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Anaesthesiol Intensive Ther ; 53(5): 398-402, 2021.
Article in English | MEDLINE | ID: covidwho-2325899


INTRODUCTION: We aimed to investigate the clinical features and mortality of critically ill patients treated with convalescent plasma for COVID-19 in the intensive care unit (ICU). MATERIAL AND METHODS: We retrospectively collected clinical and laboratory data of COVID-19 patients treated in the ICU. The patients were divided into two groups: those who received convalescent plasma and those who did not. We evaluated changes in the laboratory parameters and PaO2/FiO2 of the patients in the convalescent plasma group on days 0, 7, and 14. RESULTS: A total of 188 patients were included, 89 of whom received convalescent plasma. There were no significant differences in length of hospitalization [median: 17 vs. 16 days, P = 0.13] or 28-day mortality between the two groups (59% vs. 65%, P = 0.38). The ICU stay of patients who received convalescent plasma was longer (P = 0.001). The dynamics of the laboratory parameters of 44 patients in the convalescent plasma group, who were still in intensive care on the 14th day, were analysed. There was no differences in CRP or PaO2/FiO2 on day 0, 7 or 14 (P = 0.12; P = 0.10, respectively). CONCLUSIONS: Convalescent plasma treatment was not associated with shorter hospitalisation or lower mortality in patients diagnosed with COVID-19. However, the ICU stay was longer in patients who received convalescent plasma.

COVID-19 , COVID-19/therapy , Humans , Immunization, Passive , Intensive Care Units , Length of Stay , Retrospective Studies , SARS-CoV-2 , COVID-19 Serotherapy
J Infect Dev Ctries ; 15(12): 1782-1791, 2021 12 31.
Article in English | MEDLINE | ID: covidwho-1636074


INTRODUCTION: In December 2019, a new severe acute respiratory syndrome coronavirus, SARS-CoV-2, emerged in China, causing coronavirus disease 2019. The present study investigated genetic profiles and variations of SARS-CoV-2 distributed in different regions of Saudi Arabia to begin to understand the pathogenesis and transmission of SARS-CoV-2 in this country and analyzed associations of these variations with host factors. METHODOLOGY: In total, 774 SARS-CoV-2 genomic sequences obtained and annotated by the Global Initiative on Sharing All Influenza Data (GISAID) were captured and analyzed. RESULTS: The most common SARS-CoV-2 clades in Saudi Arabia were GH followed by O, GR, G, and S. Statistically significant associations were detected between clades and patient outcome. Age, as a host factor, was significantly associated with many variables, including virus geographical location, clade, and patient outcome. The most common variants detected were the NSP12_P323L mutation 94.9%, followed by the D614G mutation (76%) and the NS3_Q57H mutation (71.4%). The concerned variants B.1.1.7, B.1.351, and P.1 were not detected in our population. D614G was associated with higher morbidities than the wild-type virus, including higher rates of death and hospitalization. The NS3_Q57H mutation was the only variant associated with better patient outcome than the wild type. Risk of death was highest with the NSP12_P323L mutation (OR = 1.84; 95% CI = 0.37-9.30) and lowest with the NS3_Q57H mutation (OR = 0.43; 95% CI = 0.25-0.727). CONCLUSIONS: SARS-CoV-2 has evolved uniquely and independently in Saudi Arabia. Our findings provide evidence to begin linking the evolutionary implications to host factors and their effects on the virus severity and transmission.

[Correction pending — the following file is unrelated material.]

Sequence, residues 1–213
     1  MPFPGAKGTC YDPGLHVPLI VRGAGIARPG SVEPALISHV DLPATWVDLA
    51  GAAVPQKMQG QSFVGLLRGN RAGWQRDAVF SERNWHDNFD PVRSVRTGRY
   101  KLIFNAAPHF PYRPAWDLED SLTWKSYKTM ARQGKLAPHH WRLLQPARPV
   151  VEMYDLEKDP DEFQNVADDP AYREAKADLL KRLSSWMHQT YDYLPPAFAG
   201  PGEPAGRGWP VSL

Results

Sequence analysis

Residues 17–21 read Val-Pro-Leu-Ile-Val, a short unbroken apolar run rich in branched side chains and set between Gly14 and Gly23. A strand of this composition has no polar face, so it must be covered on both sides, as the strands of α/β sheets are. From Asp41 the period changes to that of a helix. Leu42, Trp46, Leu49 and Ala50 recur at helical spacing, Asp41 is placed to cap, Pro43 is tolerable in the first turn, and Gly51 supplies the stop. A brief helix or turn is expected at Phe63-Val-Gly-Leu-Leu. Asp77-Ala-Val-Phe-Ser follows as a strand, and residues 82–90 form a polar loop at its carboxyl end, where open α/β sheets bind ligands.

COVID-19/epidemiology , SARS-CoV-2 , Adult , Aged , COVID-19/genetics , COVID-19/transmission , Female , Genome, Viral , Hospitalization/statistics & numerical data , Humans , Male , Middle Aged , Mutation/genetics , Pandemics , Saudi Arabia/epidemiology , Whole Genome Sequencing